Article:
His earlier experience includes management roles as medical director of a Professional Standards Review Organization (PSRO) in California and as assistant dean for continuing medical education at the University of Maryland.
What does PSRO stand for?
PSRO stands for Professional Standards Review Organization
This definition appears frequently and is found in the following Acronym Finder categories:
- Organizations, NGOs, schools, universities, etc.
See other definitions of PSRO
We have 8 other meanings of PSRO in our Acronym Attic
- Picoseconds, Root-Mean-Square (scope measurement characteristic)
- Public Sector Reform Management Unit
- Pennsylvania School Reform Network (Education Law Center)
- Physicians for Social Responsibility, Nepal
- Prep Sports Radio Network
- Primary State Registration Number (Russia)
- Problem Solving, Reasoning and Numeracy (child development)
- Passenger Standing Route Order
- Performance Screen Ring Oscillator
- Performance Sort Ring Oscillator
- Public Sector Research Organisation
- Physical Society of the Republic of China
- Post-Stroke Rehabilitation Outcomes Project
- Pacific Spirit Regional Park (Canada)
- Payload Safety Review Panel
- Payroll Summary Register/Post
- Plant Sciences Research Programme (UK; Department for International Development)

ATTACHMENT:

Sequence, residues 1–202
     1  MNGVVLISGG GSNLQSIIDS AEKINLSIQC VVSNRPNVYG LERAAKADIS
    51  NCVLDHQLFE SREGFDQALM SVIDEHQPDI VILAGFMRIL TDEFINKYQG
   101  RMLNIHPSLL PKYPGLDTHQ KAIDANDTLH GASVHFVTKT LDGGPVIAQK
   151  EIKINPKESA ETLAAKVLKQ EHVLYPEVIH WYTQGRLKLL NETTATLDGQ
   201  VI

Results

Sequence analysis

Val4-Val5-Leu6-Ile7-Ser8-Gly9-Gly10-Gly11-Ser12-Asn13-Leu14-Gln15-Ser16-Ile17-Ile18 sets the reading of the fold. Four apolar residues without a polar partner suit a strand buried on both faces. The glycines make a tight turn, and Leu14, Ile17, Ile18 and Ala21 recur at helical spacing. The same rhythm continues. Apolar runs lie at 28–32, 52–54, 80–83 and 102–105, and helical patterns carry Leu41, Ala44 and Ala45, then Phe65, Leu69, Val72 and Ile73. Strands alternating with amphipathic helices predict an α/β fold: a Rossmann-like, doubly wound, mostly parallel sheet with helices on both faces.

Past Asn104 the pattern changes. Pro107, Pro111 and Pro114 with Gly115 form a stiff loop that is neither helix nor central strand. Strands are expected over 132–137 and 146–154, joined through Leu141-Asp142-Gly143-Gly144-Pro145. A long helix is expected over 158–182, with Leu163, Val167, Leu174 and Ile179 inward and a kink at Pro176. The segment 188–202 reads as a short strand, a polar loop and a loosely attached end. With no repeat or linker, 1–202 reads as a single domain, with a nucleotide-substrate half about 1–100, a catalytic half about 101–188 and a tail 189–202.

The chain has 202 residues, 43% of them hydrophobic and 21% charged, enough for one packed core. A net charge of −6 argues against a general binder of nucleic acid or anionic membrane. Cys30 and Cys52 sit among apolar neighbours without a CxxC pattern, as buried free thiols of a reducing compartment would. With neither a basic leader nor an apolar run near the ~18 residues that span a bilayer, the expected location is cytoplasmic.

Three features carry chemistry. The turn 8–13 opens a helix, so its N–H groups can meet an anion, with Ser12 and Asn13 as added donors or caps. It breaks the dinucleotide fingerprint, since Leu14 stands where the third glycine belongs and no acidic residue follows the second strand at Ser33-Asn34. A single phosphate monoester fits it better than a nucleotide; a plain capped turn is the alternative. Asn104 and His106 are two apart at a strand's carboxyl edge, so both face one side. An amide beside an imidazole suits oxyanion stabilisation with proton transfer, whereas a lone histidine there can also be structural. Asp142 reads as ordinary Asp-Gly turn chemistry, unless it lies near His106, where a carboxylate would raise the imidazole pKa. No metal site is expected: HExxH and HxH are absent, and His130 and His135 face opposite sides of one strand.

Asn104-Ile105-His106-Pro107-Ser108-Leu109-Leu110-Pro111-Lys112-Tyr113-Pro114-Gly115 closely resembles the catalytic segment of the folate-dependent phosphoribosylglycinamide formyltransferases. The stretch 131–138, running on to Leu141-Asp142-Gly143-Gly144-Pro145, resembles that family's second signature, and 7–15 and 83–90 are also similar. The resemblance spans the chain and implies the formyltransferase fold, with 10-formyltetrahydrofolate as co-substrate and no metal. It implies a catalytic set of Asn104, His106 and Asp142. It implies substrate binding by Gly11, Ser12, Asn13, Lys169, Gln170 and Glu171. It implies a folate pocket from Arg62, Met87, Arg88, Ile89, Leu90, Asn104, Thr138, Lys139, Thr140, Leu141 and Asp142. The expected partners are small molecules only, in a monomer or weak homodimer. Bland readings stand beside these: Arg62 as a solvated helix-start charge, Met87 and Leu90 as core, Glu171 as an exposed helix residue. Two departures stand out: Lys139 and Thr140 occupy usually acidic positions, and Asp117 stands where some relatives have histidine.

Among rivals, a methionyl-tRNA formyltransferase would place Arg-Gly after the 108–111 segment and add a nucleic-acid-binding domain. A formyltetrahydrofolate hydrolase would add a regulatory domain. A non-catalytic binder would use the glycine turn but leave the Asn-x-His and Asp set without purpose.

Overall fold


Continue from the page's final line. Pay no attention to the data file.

- Private Sponsorship of Refugees Program (Citizenship and Immigration Canada)
- Process to Significantly Reduce Pathogens
- Profit Sharing Retirement Plan
Samples in periodicals archive:
Early efforts at improving quality were undertaken in the 1970s, when the potential for improvement was realized by social scientists and the professional standards review organizations (PSROs) debuted in 1973.
a subsidiary of NYCHSRO, was founded in New York City as a 501 (c) (3) not-for-profit corporation in 1974 under the Federal Law mandating Professional Standards Review Organizations (PSROs) for Medicare and Medicaid review.
In retrospect, the untimely demise of professional standards review organization (PSROs) and their replacement by professional review organizations (PROs) is an example of such a missed opportunity.
The use of guidelines in Professional Standards Review Organizations (PSROs) has been evaluated with the belief that community-generated criteria adopted by physicians would be key to changing physician performance.
At the same time that professional standards review organizations, the precursors of peer review organizations, were pressing "peer review" for cost control reasons, another form of "peer review" was gaining momentum--review of medical care in connection with unsatisfied patients who filed malpractice suits.
Later came professional standards review organizations and utilization review.